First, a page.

Code 128.

This is a compact code that is used across the globe in shipping and supply chain operations. Code 128 are able to contain a lot of data, giving it an added advantage. It is often used instead of Code 39 and Interleaved 2 of 5 barcodes because it has a high density and is more flexible. Code 128 registered barcodes are used in electronics, blood banks, education, and healthcare.

Data Matrix.

One of the most common 2D barcodes, Data Matrix are small and square and look a bit like a checkerboard and are capable of storing significant amounts of data (up to 2000 characters). Because they are two-dimensional, these require more sophisticated equipment to be read, such as Smartphones, which take a photograph to decipher the information. Data Matric barcodes are popular in the healthcare industry, as well as the automotive and electronics industries.

PDF417.

PDF417 are 2D and are generally used for identification, such as those used in ID cards and driver’s licences. They have superior capabilities, for instance they can encode links to more than one data file. The downside is that they require far more space than other registered barcodes (up to four times as large).

QR (Quick Response) Code.

The most advanced type of code, QR Codes are used extensively in marketing and entertainment, where a hyperlink leads the reader to a website, video clip or promotional offer. The advantage of using these barcodes is that they can be read by any consumer who has a Smartphone.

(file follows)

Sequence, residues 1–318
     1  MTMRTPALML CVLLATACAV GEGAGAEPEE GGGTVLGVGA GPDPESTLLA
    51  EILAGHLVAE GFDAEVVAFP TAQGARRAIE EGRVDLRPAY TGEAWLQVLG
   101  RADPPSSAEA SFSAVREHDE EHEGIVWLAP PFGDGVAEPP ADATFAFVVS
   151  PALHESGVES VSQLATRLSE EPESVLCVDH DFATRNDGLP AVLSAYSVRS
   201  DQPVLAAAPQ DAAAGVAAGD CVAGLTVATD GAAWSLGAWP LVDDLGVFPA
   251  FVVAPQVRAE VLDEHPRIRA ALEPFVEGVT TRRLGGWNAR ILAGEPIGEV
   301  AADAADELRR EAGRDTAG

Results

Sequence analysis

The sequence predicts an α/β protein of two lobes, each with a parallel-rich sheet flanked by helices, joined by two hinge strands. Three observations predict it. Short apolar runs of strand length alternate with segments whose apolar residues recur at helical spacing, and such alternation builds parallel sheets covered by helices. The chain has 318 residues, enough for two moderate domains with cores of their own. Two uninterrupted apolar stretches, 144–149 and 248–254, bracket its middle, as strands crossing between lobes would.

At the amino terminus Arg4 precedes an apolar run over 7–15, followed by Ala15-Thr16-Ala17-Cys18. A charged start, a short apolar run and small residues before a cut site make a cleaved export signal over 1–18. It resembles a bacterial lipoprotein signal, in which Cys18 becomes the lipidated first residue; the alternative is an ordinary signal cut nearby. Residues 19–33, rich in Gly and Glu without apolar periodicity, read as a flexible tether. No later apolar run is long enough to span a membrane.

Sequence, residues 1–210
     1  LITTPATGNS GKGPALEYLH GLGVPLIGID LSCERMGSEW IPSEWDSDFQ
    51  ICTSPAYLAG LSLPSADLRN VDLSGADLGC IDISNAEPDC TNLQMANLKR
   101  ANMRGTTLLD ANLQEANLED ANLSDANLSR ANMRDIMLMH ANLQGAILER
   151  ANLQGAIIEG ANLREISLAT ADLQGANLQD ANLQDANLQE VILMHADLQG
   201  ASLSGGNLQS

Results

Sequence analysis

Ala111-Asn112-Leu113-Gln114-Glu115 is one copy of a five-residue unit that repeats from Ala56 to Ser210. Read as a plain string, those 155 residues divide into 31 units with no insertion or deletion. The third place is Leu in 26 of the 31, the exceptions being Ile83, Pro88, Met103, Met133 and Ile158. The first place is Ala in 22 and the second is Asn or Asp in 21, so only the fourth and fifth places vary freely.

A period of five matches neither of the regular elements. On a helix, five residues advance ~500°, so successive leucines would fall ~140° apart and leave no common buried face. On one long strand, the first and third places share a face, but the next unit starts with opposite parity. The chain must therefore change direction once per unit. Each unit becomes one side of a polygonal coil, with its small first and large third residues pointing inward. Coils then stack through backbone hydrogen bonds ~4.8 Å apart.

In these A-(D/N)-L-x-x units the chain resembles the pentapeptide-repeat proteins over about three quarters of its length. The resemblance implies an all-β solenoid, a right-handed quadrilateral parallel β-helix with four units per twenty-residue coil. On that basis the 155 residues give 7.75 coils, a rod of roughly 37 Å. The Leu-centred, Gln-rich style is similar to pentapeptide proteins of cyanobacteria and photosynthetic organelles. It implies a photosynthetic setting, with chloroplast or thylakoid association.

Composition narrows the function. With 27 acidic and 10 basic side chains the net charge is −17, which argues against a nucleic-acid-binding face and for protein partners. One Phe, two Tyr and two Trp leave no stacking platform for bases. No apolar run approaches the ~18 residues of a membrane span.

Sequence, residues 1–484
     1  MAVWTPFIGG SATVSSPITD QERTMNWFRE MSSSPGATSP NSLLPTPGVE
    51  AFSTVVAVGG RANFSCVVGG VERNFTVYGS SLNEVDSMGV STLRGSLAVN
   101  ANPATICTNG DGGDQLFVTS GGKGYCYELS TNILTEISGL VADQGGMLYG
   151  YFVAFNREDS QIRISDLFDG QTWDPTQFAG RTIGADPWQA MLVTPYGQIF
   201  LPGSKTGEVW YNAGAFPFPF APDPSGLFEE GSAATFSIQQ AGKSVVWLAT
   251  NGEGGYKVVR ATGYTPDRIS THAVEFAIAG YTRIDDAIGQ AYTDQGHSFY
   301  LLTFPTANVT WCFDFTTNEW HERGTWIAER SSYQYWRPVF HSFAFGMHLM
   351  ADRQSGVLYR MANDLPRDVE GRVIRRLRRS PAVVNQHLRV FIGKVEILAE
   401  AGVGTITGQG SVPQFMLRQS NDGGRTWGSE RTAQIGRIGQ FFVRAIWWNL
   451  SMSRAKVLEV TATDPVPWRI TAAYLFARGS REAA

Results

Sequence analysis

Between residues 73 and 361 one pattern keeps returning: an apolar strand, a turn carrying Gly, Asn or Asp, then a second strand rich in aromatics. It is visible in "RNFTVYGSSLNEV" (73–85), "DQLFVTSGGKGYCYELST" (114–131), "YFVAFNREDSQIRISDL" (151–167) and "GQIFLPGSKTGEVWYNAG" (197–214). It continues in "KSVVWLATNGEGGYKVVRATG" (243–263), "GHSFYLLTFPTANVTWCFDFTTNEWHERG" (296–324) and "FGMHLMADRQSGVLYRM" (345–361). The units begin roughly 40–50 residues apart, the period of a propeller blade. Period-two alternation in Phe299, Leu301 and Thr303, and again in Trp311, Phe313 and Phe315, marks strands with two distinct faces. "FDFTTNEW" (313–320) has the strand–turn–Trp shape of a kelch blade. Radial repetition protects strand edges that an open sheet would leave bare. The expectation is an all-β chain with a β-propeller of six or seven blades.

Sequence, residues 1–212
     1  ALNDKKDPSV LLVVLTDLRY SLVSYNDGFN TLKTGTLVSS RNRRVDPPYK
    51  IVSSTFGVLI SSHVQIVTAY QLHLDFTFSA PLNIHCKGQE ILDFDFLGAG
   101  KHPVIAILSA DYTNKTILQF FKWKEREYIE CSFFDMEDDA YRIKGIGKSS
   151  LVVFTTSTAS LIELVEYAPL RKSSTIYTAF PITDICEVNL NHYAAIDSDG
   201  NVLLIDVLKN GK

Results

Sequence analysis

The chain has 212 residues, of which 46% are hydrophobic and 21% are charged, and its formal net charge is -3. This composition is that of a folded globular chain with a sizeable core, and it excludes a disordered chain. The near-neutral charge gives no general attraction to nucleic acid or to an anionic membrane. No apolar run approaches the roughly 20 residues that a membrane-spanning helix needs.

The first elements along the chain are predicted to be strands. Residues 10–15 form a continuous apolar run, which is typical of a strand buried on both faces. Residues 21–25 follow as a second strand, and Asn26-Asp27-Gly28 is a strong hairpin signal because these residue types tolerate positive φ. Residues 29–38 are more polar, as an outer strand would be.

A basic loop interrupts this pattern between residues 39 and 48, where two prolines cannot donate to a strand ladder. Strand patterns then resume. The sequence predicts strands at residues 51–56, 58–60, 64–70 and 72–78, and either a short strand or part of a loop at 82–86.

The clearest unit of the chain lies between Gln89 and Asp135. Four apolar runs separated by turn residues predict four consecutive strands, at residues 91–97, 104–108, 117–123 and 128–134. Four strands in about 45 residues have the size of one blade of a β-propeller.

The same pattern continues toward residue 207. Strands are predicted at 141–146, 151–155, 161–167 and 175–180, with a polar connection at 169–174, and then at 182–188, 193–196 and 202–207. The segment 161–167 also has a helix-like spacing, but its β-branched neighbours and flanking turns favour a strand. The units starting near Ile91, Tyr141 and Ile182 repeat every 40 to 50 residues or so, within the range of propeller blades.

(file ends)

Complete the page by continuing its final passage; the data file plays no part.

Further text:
Which barcode is right for you?

The format you choose will depend on the purpose of your product. For example, if you need small registered barcodes, Code 128s will be your best bet. However, if you need them for items to be sold in a retail store, EAN would be more suitable.

Answering the following can help you to choose the right registered barcodes for your needs:

  • How much space is available for them on the packaging?
  • Will they be used on a product that will be retailed in stores?
  • Will they be able to integrate with your existing software and systems?
  • Why kind of printer will be used to print?
  • How much data storage is required?
  • Do they need to support letters and numbers?
  • On what material will the barcodes be printed? (i.e. will it be flat or corrugated cardboard?)
  • Will the code be used to manage inventory and track company assets?
  • Does the format you intend to use offer support for your industry-specific needs?
  • Will you need to scale up the barcoding as your business grows?
  • Will you need to create unique codes for each type and variety of product?

To select the one that is right fit for you and your business, ask us to help you with assessing your needs. We are sure to have the right information for you!

References:

Scandit Group, 2015. Types of registered  barcodes: Choosing the right barcode. Available at https://www.scandit.com/blog/types-barcodes-choosing-right-barcode (accessed 3 December 2020)